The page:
Recent data in animal models has come to show that, TNF-antagonism by either TNF-receptor blockade or anti TNF-antibodies protected from local intra-pancreatic damage, systemic complications and overall mortality in the vast majority of cases[29,112-117]. Administration of infliximab -a monoclonal TNF-antibody- appears to decrease serum amylase activity in both acute oedematous pancreatitis and severe necrotizing pancreatitis in a murine model[118]. In the latter case, a tendency to ameliorate both parenchymal and fatty tissue necrosis of the pancreas and alleviate acute respiratory distress syndrome-like pulmonary complications, was also noted. However, even though TNF-α has been clearly associated with failure of intestinal barrier, the latter study provided no information upon infliximab’s role on intestinal permeability since bacterial translocation was not considered a septic complication. However, previous reports that TNF-α blockage appears to correct intestinal permeability in people with Crohn’s disease[119], suggests that this effect may occur in other types of disorders and could represent a feasible therapeutic option. In a recent study, Aydin et al[120] showed that, infliximab administration 6 h after the induction of pancreatitis exerted beneficial effects on blood amylase levels and histopathologic changes in experimental necrotizing pancreatitis, while significant decrease in the degree of BT was noted. Even though, premature administration of anti-TNF 6 h post pancreatitis induction was beneficial, previous reports support that a prophylactic design starting the treatment before the induction could be superior, while the protective effect of TNF-antagonism on disease severity and mortality was still observed after the systemic effects had developed[116]. To date, no study has been conducted investigating TNF-a impact in clinical acute pancreatitis except for an isolated report in a patient with Crohn’s disease complicated with acute pancreatitis[121]. Interestingly, favourable outcome was observed following infliximab’s administration. However, data from two phase III sepsis trials[122,123] sharing an indistinguishable profile of inflammatory mediators with AP, have not been that optimistic. The use of an anti-TNF antibody in patients with sepsis failed to reduce 28-d mortality, suggesting that previous results from experimental studies or anecdotal reports should be interpreted with caution.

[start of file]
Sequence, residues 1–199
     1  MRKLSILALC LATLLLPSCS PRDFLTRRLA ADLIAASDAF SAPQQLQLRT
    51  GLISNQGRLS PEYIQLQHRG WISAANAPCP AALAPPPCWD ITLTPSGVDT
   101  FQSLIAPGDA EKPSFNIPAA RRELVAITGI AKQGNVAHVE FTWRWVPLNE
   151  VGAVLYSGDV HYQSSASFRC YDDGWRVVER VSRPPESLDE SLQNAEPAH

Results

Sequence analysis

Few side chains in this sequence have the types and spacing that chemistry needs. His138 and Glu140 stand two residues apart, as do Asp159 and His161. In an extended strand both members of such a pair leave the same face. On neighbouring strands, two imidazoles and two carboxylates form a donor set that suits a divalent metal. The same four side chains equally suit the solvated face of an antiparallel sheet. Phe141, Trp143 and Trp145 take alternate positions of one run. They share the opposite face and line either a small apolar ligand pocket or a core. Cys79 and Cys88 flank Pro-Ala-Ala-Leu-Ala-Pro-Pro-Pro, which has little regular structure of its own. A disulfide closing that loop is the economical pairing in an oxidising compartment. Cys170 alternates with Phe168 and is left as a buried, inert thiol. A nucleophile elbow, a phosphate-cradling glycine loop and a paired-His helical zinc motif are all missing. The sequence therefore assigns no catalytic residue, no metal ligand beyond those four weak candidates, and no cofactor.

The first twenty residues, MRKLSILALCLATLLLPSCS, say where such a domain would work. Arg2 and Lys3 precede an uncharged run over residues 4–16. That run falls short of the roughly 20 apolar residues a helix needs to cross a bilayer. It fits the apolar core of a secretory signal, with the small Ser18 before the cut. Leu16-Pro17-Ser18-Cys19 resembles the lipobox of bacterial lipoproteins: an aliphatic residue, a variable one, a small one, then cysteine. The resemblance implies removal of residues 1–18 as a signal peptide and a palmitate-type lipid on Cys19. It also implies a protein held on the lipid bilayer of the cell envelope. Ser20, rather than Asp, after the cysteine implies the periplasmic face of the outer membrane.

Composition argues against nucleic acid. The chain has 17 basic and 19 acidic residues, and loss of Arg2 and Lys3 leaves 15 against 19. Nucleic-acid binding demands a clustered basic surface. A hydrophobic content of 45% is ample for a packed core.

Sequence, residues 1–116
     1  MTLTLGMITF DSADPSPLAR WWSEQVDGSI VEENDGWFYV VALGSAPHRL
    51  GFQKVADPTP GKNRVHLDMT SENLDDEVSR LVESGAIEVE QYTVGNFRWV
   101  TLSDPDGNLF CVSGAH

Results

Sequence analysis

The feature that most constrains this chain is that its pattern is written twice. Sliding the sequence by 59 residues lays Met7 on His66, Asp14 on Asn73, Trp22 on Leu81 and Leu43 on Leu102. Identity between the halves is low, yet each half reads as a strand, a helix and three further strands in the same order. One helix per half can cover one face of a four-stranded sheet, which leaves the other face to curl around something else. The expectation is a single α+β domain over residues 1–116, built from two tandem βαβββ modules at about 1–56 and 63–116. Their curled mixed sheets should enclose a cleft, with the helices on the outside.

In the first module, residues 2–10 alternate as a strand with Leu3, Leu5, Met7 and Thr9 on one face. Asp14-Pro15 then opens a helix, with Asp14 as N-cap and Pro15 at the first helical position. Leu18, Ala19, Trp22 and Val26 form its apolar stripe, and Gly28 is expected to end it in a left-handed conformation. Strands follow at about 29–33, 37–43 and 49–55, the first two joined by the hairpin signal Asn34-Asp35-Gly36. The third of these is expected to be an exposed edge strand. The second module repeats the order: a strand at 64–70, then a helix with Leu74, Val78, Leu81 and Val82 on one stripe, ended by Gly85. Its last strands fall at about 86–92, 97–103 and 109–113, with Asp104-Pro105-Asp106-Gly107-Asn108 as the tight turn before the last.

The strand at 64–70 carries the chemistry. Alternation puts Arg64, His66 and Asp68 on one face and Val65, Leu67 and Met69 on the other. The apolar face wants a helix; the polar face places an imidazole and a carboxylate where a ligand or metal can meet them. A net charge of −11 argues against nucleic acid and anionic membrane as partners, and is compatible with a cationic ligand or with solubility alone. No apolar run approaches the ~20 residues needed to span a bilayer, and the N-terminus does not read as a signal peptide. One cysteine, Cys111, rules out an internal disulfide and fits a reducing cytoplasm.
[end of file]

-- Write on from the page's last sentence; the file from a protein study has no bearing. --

Cytokines

As previously described, pro-inflammatory cytokines such as IL-6, IL-1 and TNF are released in acute pancreatitis, while their plasma level correlates well with the severity of the disease and the occurrence of multi-organ failure[124-126]. By contrast, anti-inflammatory mediators such as IL-10, appear to mitigate the effects of inflammatory response and their level seems to be inversely proportional to the severity of pancreatitis[127,128].

IL-1: As observed for TNF, organ-specific expression of IL-1 is an early feature in experimental acute pancreatitis and is found in both the pancreas and distant organs[129,130]. Blockade of the IL-1 receptor by either targeted genetic disruption or pharmacological agents uniformly reduced the extent of intra-pancreatic damage, systemic complication, and mortality, similarly to TNF-α blockade[131-135]. Alternatively, the approach of inhibiting caspase-1, formerly termed interleukin 1β-converting enzyme (ICE) has been explored. Targeting ICE activity by a specific synthetic inhibitor dramatically attenuated both severity and mortality irrespective of the model used[136-139]. Interestingly, severity and mortality were still reduced even when a therapeutic window of 12 h following induction of severe acute pancreatitis was allowed[137]. Similarly to TNF-α, implementation of experimental findings to the clinical setting has been controversial. Even though, a post hoc analysis of a controlled trial of human recombinant IL-1ra in patients with sepsis showed a trend towards increased survival in patients with MODS[140], this observation could not be confirmed in a subsequent trial[141]. Technical reasons concerning the optimal dosage, duration and in vivo activity of the antibody could be responsible for these discrepancies [142].

IL-10: IL-10 - irrespectively of whether its activity has been blocked or augmented -has been shown to exert a protective effect in several models of acute pancreatitis in the past[143-149]. Cytokine manipulation appeared to significantly ameliorate organ specific damage in the pancreas and peripheral tissues, including the lung and the liver, while mortality was significantly reduced. Interestingly, IL-10 protective effect was still observed even when intervention occurred therapeutically after acute pancreatitis had already been induced[144,145,149]. However, this data has not been confirmed in the clinical setting. No significant differences were detected between IL-10 and placebo administration within 36 h of onset of symptoms, in days of hospital stay, CT scan score, organ failure score and local complications[150]. Conflicting results have come to light from randomized double-blind studies regarding the ability of IL-10 to prevent ERCP–induced AP. In his study, Devière et al[149] reported that, IL-10 decreased the incidence of post-ERCP pancreatitis, as well as, the length of hospital stay independently from other risk factors. This was not confirmed by a later American trial in which only a trend towards and not a significant decrease in the former parameters was noted[151]. A recent meta-analysis including patients receiving recombinant IL-10 or placebo before ERCP could show that, IL-10 significantly reduces the risk of post-ERCP pancreatitis[152]. Whether IL-10 treatment can ultimately prevent post-ERCP still remains under investigation.